The Royal Canadian Air Force sent a CC-150 Polaris to India from CFB Trenton Sunday night to pick up Prime Minister Justin Trudeau and the Canadian delegation after the plane that took him there suffered a maintenance problem.
According to a statement from National Defence, the issue involves a part that must be replaced.
“The safety of all passengers is critical to the RCAF and pre-flight safety checks are a regular part of all of our flight protocols,” said the statement.
“The discovery of this issue is evidence that these protocols are effective.”
The goal is a Tuesday morning (New Delhi time) departure, however, a spokesperson for the prime minister said the situation remains fluid.
The issue with the CC-150 Polaris was discovered during the preflight checking process on the 36-year-old plane. This is not the first time the aging Polaris fleet has caused issues for Trudeau during his time in office.
A problem in October 2016 required the aircraft to return to Ottawa 30 minutes after taking off with Trudeau, who was en route to Belgium to sign the Canada-Europe free trade deal.
A history of maintenance issues
In October 2019, the VIP plane rolled into a wall while being towed into a hangar at 8 Wing Trenton, sustaining “significant structural damage to the nose and right engine cowling,” according to the Air Force.
The plane was out of service for several months that year. A backup aircraft was used to take Trudeau to the NATO summit in December 2019, but it was grounded in London when the Air Force discovered a problem with one of the engines.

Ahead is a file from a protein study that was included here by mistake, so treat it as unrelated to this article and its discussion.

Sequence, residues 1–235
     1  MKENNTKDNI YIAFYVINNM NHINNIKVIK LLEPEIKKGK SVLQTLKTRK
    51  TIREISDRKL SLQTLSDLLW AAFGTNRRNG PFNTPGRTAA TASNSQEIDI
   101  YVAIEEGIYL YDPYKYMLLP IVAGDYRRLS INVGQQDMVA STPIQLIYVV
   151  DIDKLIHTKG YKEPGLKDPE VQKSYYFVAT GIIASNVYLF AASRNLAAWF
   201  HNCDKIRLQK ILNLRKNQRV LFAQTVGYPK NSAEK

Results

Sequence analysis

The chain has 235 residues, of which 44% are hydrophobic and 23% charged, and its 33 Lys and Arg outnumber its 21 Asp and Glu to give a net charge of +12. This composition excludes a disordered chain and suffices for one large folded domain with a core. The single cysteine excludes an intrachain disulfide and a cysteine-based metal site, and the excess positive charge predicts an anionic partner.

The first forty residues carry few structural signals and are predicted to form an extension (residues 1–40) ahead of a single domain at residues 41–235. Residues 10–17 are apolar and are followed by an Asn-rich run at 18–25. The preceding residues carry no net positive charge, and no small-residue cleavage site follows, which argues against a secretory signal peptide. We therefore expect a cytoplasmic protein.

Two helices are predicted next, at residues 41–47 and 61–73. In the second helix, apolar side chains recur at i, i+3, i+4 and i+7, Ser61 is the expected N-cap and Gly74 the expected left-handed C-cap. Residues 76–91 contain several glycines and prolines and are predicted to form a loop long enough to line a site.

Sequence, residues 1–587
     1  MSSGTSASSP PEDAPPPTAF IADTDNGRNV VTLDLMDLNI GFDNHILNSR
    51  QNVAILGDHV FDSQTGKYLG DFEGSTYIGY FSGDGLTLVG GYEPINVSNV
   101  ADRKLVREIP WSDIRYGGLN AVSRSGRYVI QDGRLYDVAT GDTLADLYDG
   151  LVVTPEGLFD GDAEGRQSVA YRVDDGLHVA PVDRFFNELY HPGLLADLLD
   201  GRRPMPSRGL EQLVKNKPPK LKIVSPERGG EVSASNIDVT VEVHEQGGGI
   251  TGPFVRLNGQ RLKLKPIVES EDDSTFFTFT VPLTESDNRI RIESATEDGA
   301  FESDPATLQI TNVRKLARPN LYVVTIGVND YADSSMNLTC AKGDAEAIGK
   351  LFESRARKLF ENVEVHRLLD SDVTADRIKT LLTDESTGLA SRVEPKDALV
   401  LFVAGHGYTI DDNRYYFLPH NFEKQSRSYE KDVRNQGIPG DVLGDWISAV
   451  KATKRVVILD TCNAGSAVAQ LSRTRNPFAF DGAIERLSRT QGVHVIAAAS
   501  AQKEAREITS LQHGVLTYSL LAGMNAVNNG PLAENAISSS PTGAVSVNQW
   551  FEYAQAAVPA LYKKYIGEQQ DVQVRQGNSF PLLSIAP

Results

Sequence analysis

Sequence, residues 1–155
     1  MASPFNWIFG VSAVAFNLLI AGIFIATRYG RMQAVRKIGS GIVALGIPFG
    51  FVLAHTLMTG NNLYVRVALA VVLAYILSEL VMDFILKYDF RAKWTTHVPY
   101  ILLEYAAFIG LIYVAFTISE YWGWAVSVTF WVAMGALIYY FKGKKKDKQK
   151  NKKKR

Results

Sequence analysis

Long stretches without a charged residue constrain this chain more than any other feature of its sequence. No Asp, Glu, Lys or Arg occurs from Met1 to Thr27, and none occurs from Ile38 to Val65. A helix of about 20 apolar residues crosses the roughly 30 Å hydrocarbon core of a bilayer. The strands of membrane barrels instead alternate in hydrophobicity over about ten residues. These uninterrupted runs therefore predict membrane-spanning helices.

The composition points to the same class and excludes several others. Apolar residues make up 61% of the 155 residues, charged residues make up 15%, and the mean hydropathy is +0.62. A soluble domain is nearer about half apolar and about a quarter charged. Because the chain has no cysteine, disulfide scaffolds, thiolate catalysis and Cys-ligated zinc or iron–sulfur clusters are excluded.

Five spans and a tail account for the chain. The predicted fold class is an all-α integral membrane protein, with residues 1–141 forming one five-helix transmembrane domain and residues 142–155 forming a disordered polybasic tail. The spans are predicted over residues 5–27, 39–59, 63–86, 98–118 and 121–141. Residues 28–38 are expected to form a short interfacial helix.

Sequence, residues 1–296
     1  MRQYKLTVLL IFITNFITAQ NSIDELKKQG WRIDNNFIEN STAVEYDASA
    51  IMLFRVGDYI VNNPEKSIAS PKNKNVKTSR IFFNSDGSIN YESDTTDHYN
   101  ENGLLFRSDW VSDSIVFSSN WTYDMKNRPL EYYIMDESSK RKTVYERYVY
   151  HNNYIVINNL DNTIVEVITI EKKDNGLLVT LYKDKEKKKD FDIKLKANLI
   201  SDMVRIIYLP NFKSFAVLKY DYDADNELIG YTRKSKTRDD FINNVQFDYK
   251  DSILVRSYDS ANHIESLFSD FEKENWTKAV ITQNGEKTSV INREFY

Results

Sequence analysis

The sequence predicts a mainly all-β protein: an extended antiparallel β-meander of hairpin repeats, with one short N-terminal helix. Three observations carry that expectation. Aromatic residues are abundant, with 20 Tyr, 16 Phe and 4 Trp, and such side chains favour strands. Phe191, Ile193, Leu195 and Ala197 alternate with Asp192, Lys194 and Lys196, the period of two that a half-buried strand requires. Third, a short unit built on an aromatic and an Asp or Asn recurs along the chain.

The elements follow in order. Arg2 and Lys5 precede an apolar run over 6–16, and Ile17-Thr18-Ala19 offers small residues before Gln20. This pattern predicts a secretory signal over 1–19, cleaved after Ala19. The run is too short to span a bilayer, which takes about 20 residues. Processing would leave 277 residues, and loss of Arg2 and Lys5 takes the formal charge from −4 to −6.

The federal government has purchased nine planes, some new, and some used, to replace its existing fleet, the first of which arrived in Ottawa on Aug. 31.
But two of the used Airbus A-330s from Kuwait Airways purchased by the RCAF won’t include the prime minister’s traditional VIP quarters until a retrofit that may not come for two years or more.
New fleet of planes coming
The widebody jets will replace RCAF’s 1980s-era Airbus A-310s also known as the Airbus CC-150 Polaris, the aging aircraft used for the prime minister’s trips abroad and for transporting military personnel.
Canadian crews have been training to fly the new aircraft in the United Kingdom since January. On average, it takes about three months of training for a Polaris pilot to be ready to fly the new Airbus, according to National Defence officials.
The replacement planes are expected to go into service sometime this fall, which will also include providing personal transport for the governor general.
In the meantime, the prime minister’s office said Trudeau continues to work from his hotel in New Delhi. It’s unclear what this delay means for the prime minister’s attendance at the Liberal caucus retreat this week.
This plane debacle caps off a tense G20 Summit where Western nations failed to get a strong statement on Russia’s invasion of Ukraine or to get countries to agree to concrete targets to aggressively tackle climate change.
The plane breakdown also comes on the heels of terse and awkward interactions between Trudeau and Indian Prime Minister Narendra Modi.
Government summaries of their sit-down meeting were very different, with Canada failing to mention India’s concerns about the Sikh separatist movement in Canada, despite India’s summary of the meeting being focused on that issue.